Relatively greater wear of the posterior teeth when compared with the anterior teeth could be a result of an anterior open bite, shallow excursive guidance, a large discrepancy between centric relation and maximum intercuspation position, flat condylar eminence, or acid erosion (ie, intrinsic, extrinsic).17,18
Recognizing the challenges inherent in treating this patient restoratively without correcting the occlusal plane, the patient was referred to the orthodontist. Additional records were taken, including a CBCT scan and an intraoral scan (iTero® Element, Align Technology). The orthodontic findings revealed that the patient was brachyfacial and possessed class I occlusion with mild crowding (Figure 7 and Figure 8).19 Additional findings included that her facial thirds demonstrated correct proportions with a flat to convex profile, she had wear on teeth Nos. 8 and 9 with short clinical crowns and a discrepancy between the vertical position of the anterior and posterior teeth, and she exhibited mild, generalized gingival recession.
A treatment plan that would produce the best overall outcome was desired. The poor esthetics and wear in the posterior region could be corrected with surgical crown lengthening of the posterior maxillary quadrants and aggressive tooth preparation and restoration. Alternatively, a more conservative treatment with regard to tooth preservation could be achieved through orthodontic correction of the occlusal planes (ie, intrusion of the posterior occlusal plane, leveling of the mandibular curve of Spee), followed by the placement of ceramic veneers in the maxillary anterior region and porcelain tabletop onlays in the maxillary posterior region as well as replacement of the failing mandibular posterior crowns and composite bonding of the worn incisal edges of the mandibular anterior teeth. In this manner, a mutually protected occlusal scheme could be created.20
The intraoral scanner and its software allowed for the simulation of tooth movement so that the restorative dentist and orthodontist could digitally position the teeth, creating an optimal orthodontic treatment goal.
The main challenge in this case was the orthodontic anchorage that would be required to achieve the desired tooth movement. Because the maxillary incisors were in a good position vertically, but the maxillary posterior teeth were below the occlusal plane, trying to intrude the posterior maxillary teeth would tax the anchorage of the anterior teeth, which could move them inferiorly or extrude them and ultimately compromise the outcome. Therefore, the patient was referred to the oral surgeon in order to develop a plan to use auxiliary skeletal anchorage to support the posterior intrusion.
Ultimately, two bone plates attached to the zygoma on both the right and left sides and two plates attached to the palate were selected as appropriate anchorage. Clear aligners (Invisalign®, Align Technology) were the orthodontic appliance of choice to position the teeth for restorative treatment. The aligners were designed to keep the maxillary anterior teeth in their current vertical positions. The patient's teeth would be aligned, and her maxillary and mandibular arch forms would be idealized for her face with some mild transverse expansion. The maxillary posterior teeth (ie, premolars and molars) were programmed to intrude 2.75 mm. The desired intrusion of these teeth was actually 2 mm, but 2.75 mm would allow for some overcorrection because the intrusion of posterior teeth is a difficult orthodontic movement, and the teeth do not always respond one-to-one to what is programmed in the orthodontic planning software (ClinCheck®, Align Technology).
The bone plates were attached to the palate and the right and left zygomas. After placement, they were immediately loaded with 3/16 in 6 oz orthodontic elastic that the patient would reinsert each time she seated her maxillary aligner. The elastic connected the plate hook on the palate to the plate hook on the zygoma, bilaterally, which created an intrusive effect by compressing the aligner occlusally with the force necessary to intrude (Figure 9). To prevent unwanted extrusion, composite attachments were not placed on the incisors. The quantity of tooth movement was carefully monitored and evaluated at each follow-up appointment using the intraoral scanner's progress tracking feature, which compares historical scans with the current scan in a visual to show how the teeth are responding. Once the alignment was correct, arch forms idealized, and planned posterior intrusion performed, the patient was ready for the restorative phase of treatment (Figure 10).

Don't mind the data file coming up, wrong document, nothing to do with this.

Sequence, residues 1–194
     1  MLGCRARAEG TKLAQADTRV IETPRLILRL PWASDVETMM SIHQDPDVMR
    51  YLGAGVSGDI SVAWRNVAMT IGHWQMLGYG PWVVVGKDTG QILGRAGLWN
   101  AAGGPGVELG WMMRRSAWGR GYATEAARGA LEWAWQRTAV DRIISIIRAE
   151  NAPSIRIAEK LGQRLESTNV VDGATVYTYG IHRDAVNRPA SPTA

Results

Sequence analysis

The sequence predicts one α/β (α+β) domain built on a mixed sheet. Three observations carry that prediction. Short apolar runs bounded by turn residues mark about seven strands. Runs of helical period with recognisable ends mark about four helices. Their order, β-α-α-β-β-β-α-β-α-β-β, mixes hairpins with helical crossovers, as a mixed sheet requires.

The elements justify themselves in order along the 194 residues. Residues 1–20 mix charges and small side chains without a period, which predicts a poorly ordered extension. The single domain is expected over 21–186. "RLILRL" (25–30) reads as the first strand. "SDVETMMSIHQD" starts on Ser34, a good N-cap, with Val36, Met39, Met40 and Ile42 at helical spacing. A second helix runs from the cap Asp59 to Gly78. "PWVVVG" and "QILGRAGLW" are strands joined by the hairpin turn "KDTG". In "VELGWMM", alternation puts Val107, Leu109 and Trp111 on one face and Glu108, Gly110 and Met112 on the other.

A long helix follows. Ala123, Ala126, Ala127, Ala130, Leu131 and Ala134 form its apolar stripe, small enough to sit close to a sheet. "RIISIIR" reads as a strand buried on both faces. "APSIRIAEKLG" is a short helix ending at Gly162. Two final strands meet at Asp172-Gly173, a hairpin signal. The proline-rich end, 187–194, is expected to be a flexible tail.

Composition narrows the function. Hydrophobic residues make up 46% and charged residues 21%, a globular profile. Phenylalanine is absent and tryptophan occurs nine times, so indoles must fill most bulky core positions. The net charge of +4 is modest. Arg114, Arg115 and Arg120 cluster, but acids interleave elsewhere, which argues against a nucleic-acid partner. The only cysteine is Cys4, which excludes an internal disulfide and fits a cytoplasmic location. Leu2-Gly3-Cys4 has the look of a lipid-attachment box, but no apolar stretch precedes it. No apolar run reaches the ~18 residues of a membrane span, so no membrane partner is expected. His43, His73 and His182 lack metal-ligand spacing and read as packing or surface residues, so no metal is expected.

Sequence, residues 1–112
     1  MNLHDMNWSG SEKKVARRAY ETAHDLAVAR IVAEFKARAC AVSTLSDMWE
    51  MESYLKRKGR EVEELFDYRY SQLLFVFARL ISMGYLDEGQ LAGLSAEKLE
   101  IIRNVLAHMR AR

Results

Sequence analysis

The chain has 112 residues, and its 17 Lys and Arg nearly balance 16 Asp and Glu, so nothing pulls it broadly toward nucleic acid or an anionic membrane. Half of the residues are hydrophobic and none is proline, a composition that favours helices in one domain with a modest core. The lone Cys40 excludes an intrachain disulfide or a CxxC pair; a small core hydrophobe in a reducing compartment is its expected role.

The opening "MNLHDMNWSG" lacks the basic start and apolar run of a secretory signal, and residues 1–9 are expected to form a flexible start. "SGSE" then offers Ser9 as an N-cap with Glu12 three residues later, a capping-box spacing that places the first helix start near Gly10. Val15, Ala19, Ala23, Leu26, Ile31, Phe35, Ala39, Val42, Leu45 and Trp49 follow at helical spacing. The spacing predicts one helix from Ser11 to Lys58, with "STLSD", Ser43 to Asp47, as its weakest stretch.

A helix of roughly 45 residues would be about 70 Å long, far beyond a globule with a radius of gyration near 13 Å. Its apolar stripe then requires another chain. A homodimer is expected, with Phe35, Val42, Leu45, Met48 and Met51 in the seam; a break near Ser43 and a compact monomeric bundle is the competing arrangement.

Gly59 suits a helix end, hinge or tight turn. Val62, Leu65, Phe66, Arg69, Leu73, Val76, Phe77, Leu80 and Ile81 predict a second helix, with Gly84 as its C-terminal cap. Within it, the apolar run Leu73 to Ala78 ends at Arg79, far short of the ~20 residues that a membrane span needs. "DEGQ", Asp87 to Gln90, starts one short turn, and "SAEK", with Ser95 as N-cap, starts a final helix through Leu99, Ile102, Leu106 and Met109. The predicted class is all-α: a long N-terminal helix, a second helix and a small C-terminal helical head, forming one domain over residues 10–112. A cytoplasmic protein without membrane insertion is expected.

After removal of the composite attachments and previous restorations, laboratory-fabricated provisional veneers (New Outline, Anaxdent) and onlays (Integrity®, Dentsply Caulk) were placed. The provisional restorations would be used as a blueprint for the final ceramics. Esthetics, form, and function were evaluated and modified during the following weeks until both the patient and dentist were satisfied.
On the day of delivery of the final restorations, rubber dam isolation was achieved, and the preparations were pumiced with chlorhexidine and medium pumice and then sandblasted. The final layered lithium disilicate maxillary veneers and the final monolithic lithium disilicate posterior onlays and crowns (IPS e.max®, Ivoclar Vivadent) were etched with 4.5% hydrofluoric acid and then cleaned in an ultrasonic bath with alcohol or using steam. Two layers of a universal primer (Monobond® Plus, Ivoclar Vivadent) were then applied and allowed to air dry. The veneers were bonded with a total etch technique using an adhesive (OptiBond FL®, Kerr) and a resin luting cement (Da Vinci Resin Cement, Cosmedent). Light curing was performed in 90-second cycles, starting from the lingual then moving to the facial and proximal surfaces. After a final glycerin-covered cure was performed on all surfaces, the excess cement was removed with a No. 12 scalpel blade, the occlusion was adjusted, and the restorations were polished. The final posterior restorations were placed using the same bonding protocol, but the onlays were placed with a different luting composite (Variolink® Esthetic DC, Ivoclar Vivadent), and the crowns were placed with a different adhesive (Clearfil SE™ Protect, Kuraray Noritake) and resin cement (Panavia™ SA Cement Universal, Kuraray Noritake) (Figure 11 through Figure 18).